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Diabetes Obes Metab. 2019 Feb;21(2):321-329. doi: 10.1111/dom.13607.

Commencing insulin glargine 100 U/mL therapy in individuals with type 2 diabetes: Determinants of achievement of HbA1c goal less than 7.0.

Author information

1
Swansea University, Diabetes Research Group Cymru, College of Medicine, Swansea, UK.
2
Sanofi, Frankfurt, Germany.
3
The Queen's Medical Research Institute, University of Edinburgh, Edinburgh, UK.
4
Sanofi US, Bridgewater, New Jersey.
5
Department of Medical School, Institute of Cellular Medicine, Diabetes, Newcastle University, Newcastle upon Tyne, UK.
6
Department of Internal Medicine, Endocrinology, University of Texas Southwestern Medical Center and Parkland Health and Hospital System, Dallas, Texas.
7
Department of Internal Medicine, University of Perugia School of Medicine, Perugia, Italy.

Abstract

AIMS:

To identify factors associated with achievement of glycated haemoglobin A1c (HbA1c) target at 24 weeks after commencing basal insulin therapy in individuals with type 2 diabetes mellitus (T2DM).

MATERIALS AND METHODS:

Post-hoc pooled analysis of 16 randomized, treat-to-target trials involving individuals with T2DM inadequately controlled with oral anti-hyperglycaemic drugs (n = 3415) initiated on once-daily insulin glargine 100 U/mL (Gla-100). Clinical outcomes were assessed by HbA1c response at 24 weeks and individuals were classified as "good responders" with HbA1c <7.0% (<53 mmol/mol) or as "poor responders" with HbA1c ≥7.0% (≥53 mmol/mol). Univariable and multivariable stepwise logistic regression analyses were performed to identify predictive factors for attaining HbA1c <7.0%.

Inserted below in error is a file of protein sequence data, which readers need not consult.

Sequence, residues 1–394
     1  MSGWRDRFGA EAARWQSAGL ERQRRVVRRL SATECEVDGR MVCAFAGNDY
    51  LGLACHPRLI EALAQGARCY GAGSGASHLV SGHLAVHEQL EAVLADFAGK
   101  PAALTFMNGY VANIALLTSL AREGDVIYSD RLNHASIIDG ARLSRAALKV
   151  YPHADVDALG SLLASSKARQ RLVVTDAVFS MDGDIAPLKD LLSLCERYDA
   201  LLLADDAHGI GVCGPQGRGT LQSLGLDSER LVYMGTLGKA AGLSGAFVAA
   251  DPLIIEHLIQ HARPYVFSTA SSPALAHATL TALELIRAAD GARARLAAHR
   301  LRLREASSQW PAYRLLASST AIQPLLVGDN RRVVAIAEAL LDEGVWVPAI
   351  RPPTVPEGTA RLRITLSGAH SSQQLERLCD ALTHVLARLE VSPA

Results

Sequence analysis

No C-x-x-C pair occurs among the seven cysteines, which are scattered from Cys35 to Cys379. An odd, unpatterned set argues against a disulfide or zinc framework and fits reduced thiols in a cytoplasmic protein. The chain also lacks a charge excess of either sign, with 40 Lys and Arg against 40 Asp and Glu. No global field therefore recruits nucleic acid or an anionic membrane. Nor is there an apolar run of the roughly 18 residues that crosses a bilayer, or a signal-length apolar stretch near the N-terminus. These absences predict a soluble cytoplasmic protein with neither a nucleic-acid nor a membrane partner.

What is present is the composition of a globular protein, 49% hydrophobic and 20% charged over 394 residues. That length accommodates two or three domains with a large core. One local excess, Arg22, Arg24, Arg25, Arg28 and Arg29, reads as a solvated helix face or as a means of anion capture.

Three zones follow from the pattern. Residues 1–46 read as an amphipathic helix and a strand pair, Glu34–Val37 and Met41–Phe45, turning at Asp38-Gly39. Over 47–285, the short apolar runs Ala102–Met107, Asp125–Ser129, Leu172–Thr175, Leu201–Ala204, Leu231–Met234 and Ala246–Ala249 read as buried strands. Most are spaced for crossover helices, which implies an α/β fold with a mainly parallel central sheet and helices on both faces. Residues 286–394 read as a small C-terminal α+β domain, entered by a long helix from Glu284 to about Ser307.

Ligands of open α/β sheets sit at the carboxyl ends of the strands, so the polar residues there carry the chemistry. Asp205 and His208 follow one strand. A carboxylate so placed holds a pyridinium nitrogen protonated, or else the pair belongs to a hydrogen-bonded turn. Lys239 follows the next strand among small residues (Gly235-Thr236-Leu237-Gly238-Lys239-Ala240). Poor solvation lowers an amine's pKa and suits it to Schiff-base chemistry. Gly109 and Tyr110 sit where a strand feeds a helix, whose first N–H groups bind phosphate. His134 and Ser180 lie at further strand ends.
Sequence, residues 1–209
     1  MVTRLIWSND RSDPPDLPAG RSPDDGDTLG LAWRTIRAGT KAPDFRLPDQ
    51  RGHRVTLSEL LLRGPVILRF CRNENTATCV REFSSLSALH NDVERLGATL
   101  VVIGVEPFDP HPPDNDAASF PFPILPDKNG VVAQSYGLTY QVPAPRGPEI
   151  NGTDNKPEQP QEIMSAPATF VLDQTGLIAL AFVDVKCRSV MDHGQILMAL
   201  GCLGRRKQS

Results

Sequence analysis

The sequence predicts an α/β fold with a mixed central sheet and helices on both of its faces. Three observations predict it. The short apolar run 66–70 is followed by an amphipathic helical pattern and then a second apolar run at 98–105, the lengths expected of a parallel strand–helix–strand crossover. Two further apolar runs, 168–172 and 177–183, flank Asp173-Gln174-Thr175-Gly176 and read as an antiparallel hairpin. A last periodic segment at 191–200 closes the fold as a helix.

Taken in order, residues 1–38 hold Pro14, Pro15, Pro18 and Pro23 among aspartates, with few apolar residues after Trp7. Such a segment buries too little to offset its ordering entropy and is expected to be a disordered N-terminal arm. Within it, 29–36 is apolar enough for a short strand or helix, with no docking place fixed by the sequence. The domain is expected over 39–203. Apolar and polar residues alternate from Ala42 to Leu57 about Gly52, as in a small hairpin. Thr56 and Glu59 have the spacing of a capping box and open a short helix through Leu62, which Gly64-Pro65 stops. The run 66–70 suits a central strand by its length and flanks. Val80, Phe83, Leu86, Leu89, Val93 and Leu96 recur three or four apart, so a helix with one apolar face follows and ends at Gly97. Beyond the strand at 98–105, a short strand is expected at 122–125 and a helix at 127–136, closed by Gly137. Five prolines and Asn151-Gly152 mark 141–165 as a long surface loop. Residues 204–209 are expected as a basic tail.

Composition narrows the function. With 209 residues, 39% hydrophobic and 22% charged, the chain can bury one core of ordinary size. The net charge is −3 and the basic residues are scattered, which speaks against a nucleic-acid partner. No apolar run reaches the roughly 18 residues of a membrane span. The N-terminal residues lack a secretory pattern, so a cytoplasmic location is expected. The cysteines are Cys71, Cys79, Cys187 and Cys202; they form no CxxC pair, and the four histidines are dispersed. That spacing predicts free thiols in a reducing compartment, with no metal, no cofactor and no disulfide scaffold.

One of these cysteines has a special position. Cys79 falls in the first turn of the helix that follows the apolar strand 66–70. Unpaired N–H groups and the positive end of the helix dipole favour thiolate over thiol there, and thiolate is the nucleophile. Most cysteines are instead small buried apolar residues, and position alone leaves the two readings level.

RESULTS:

Lower levels of baseline HbA1c, fasting plasma glucose (FPG) and post-prandial plasma glucose (PPG), higher body mass index (BMI), shorter diabetes duration and male sex were associated with a good glycaemic response, but not age or baseline C-peptide levels. Gla-100 dose (U/kg) was highest in the poor-responder group, which had the fewest hypoglycaemia episodes. Univariable analysis for achievement of HbA1c <7.0% confirmed these observations. Multivariable analysis retained baseline HbA1c, body weight, BMI, sex, 2-hours PPG and diabetes duration as predictors of a good response. Continued use of sulfonylureas, hypoglycaemia and change in body weight were indicative of poor response.

CONCLUSIONS:

Baseline HbA1c was the strongest determinant for achieving target HbA1c <7.0% by supplementary Gla-100 therapy, while sex and BMI were also useful indicators. However, age and C-peptide levels at baseline did not predict glycaemic response to the introduction of basal insulin.

KEYWORDS:

basal insulin; glycaemic control; hypoglycaemia; meta-analysis; type 2 diabetes

PMID:
30520217
DOI:
10.1111/dom.13607

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